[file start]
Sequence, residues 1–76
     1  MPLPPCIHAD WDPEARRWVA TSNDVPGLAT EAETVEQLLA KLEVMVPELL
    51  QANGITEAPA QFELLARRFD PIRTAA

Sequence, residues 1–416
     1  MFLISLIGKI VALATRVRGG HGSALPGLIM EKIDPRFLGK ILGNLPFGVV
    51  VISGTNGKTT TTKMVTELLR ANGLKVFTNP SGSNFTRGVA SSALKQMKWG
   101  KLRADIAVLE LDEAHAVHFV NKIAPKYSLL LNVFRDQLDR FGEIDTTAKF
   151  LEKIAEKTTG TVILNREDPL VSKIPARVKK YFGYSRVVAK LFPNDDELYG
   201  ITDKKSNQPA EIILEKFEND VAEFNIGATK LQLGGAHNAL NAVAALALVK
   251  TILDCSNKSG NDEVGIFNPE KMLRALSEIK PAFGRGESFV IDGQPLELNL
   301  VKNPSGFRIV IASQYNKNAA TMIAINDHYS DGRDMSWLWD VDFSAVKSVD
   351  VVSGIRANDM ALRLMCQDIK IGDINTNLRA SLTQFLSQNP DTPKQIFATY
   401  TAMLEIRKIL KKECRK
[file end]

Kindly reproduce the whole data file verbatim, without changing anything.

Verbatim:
Sequence, residues 1–76
     1  MPLPPCIHAD WDPEARRWVA TSNDVPGLAT EAETVEQLLA KLEVMVPELL
    51  QANGITEAPA QFELLARRFD PIRTAA

Sequence, residues 1–416
     1  MFLISLIGKI VALATRVRGG HGSALPGLIM EKIDPRFLGK ILGNLPFGVV
    51  VISGTNGKTT TTKMVTELLR ANGLKVFTNP SGSNFTRGVA SSALKQMKWG
   101  KLRADIAVLE LDEAHAVHFV NKIAPKYSLL LNVFRDQLDR FGEIDTTAKF
   151  LEKIAEKTTG TVILNREDPL VSKIPARVKK YFGYSRVVAK LFPNDDELYG
   201  ITDKKSNQPA EIILEKFEND VAEFNIGATK LQLGGAHNAL NAVAALALVK
   251  TILDCSNKSG NDEVGIFNPE KMLRALSEIK PAFGRGESFV IDGQPLELNL
   301  VKNPSGFRIV IASQYNKNAA TMIAINDHYS DGRDMSWLWD VDFSAVKSVD
   351  VVSGIRANDM ALRLMCQDIK IGDINTNLRA SLTQFLSQNP DTPKQIFATY
   401  TAMLEIRKIL KKECRK